What is the implant?
The implant (brand name Nexplanon®) is a small, flexible plastic rod about the size of a matchstick. It contains the progesterone-like hormone, etonogestrel, and is used to prevent pregnancy. The implant is a prescription form of contraception.
How does it work?
A health care provider places the implant under the skin of your upper arm, which takes only 1-2 minutes. Once inserted, the implant continuously releases a small amount of hormone into your body.
The hormone prevents pregnancy by:
- Preventing ovulation (the release of eggs from ovaries). If an egg is not released, it cannot be fertilized by sperm.
- Thickening the cervical mucus, which blocks the sperm from reaching an egg and fertilizing it.
- Thinning the lining of the uterus, which prevents a fertilized egg from attaching to the wall of the uterus.
Nexplanon® can be used for up to 3 years. After 3 years the hormone supply runs out and the implant stops working, which means it must be removed. If you would like to continue using this method of birth control, you have to get a new implant. Your health care provider can insert a new implant when removing the old one.
If you change your mind at any time and decide you would like to stop using the implant, your health care provider can remove it for you. Removal takes about 3 minutes.
How effective is it?
The implant is the most effective method of birth control currently available. Fewer than 1 in 100 users will become pregnant each year. Even though this method is highly effective, it is also reversible. The ability to become pregnant after removal usually returns quickly.
What are the benefits?
- You do not have to remember to take it every day/week/month or every time you have sex.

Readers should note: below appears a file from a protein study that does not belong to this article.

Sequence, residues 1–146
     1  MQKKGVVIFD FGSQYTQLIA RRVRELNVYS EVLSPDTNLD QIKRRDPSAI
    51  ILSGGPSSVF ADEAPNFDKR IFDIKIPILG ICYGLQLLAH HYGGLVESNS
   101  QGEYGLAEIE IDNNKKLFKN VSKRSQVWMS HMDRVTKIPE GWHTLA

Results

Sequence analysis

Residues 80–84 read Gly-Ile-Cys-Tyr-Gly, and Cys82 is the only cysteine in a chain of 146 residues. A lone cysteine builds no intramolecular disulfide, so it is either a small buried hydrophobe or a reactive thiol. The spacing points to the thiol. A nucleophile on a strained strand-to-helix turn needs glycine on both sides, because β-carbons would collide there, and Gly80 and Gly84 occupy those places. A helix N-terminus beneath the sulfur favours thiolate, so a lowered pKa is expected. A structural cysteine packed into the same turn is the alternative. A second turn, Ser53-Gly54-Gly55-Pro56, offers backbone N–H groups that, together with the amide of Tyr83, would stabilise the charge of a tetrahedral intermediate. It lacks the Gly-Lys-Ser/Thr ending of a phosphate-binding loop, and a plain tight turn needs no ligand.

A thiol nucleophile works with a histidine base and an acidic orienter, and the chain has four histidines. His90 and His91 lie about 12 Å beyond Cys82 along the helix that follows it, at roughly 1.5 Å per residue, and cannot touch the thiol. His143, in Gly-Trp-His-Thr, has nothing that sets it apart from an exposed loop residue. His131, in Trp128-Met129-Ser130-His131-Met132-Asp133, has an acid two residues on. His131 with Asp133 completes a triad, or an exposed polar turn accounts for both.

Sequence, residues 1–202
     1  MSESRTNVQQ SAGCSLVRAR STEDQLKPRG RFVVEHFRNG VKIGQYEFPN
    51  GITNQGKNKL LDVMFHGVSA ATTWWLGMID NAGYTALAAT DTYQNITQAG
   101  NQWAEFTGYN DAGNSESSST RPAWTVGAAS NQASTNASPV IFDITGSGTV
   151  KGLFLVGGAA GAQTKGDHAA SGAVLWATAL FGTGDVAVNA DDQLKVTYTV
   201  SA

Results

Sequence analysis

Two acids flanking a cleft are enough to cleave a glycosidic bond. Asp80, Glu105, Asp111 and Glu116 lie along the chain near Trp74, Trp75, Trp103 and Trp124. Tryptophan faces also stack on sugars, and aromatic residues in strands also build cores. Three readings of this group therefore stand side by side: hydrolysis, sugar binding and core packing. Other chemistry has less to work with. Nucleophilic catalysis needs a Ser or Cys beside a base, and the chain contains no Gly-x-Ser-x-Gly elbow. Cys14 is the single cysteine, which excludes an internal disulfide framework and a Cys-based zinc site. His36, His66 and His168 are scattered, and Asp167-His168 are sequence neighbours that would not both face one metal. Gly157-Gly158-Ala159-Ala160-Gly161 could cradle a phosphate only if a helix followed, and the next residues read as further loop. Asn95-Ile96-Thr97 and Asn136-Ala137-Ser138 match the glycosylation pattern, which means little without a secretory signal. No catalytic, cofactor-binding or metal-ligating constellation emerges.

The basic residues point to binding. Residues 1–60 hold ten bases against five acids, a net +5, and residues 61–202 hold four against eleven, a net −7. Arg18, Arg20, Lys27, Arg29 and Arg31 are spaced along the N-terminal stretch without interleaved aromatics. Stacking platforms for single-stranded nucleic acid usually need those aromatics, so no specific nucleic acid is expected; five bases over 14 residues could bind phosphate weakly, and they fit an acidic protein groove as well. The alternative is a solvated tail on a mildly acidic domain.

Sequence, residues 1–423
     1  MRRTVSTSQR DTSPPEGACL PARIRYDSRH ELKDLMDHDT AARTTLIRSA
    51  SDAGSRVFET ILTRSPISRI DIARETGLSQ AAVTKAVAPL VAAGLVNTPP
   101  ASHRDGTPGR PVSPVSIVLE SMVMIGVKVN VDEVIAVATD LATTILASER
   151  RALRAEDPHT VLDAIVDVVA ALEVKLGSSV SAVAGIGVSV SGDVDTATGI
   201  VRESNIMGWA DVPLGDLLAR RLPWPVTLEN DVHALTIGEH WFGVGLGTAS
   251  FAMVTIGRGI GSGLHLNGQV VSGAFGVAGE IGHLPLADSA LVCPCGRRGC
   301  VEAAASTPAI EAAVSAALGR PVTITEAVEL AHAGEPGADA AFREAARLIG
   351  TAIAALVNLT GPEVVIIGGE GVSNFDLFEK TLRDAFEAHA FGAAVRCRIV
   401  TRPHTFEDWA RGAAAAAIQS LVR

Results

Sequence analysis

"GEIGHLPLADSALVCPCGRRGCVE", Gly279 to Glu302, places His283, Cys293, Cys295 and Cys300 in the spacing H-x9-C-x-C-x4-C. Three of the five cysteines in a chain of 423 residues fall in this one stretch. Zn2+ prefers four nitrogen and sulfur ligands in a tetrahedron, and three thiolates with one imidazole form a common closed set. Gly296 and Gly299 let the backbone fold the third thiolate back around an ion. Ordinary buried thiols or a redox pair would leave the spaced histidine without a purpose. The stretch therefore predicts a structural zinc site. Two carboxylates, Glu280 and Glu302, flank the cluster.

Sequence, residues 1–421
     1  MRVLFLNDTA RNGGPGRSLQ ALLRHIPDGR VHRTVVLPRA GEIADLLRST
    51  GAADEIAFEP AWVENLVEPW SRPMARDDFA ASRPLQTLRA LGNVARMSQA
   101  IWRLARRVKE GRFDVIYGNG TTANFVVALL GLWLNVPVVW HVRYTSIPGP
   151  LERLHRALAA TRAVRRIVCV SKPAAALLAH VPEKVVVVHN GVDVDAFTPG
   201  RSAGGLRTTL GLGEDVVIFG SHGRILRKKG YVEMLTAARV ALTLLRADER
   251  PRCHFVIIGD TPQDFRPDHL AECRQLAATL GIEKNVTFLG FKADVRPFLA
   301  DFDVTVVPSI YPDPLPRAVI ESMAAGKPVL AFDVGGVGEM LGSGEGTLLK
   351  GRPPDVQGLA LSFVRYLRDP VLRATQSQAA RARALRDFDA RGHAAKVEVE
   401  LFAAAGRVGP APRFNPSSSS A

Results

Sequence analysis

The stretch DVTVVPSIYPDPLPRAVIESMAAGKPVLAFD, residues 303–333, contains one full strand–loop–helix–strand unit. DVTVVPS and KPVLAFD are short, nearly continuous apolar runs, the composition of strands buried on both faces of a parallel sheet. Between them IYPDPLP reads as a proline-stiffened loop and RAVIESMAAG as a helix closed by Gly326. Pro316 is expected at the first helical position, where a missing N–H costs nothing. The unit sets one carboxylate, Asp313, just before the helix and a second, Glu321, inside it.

- It works for up to 3 years.
- It does not require a pelvic exam.
- It's reversible and can be removed quickly and easily at any time if you change your mind.
- It's a good option for users who cannot use estrogen.
- It's safe to use while breastfeeding.
- You cannot see the implant, but you will be able to feel it. Only you and your health care provider will know it is there.
What are the downsides?
- 20% of users have irregular, unpredictable bleeding. Timing between periods can also vary.
- The implant does not provide protect from sexually transmitted infections (STI). Use external condoms or internal condoms if you are at risk for STI.
Where can I get it and what are costs?
It is available at UHS. Video visits are available for contraception counseling and prescription of this method. To schedule, call 734-764-8320 or see How to Get Health Care. See also Cost, Insurance and Payment.
I really like the implant, no more worries. I even forget I have it sometimes. I really recommend it to everyone. I used the patch and the pill before, but so far, I think the implant is the best.
Where can I get more information?
Talk to your health care provider. You can also get reliable information and see a video from Planned Parenthood.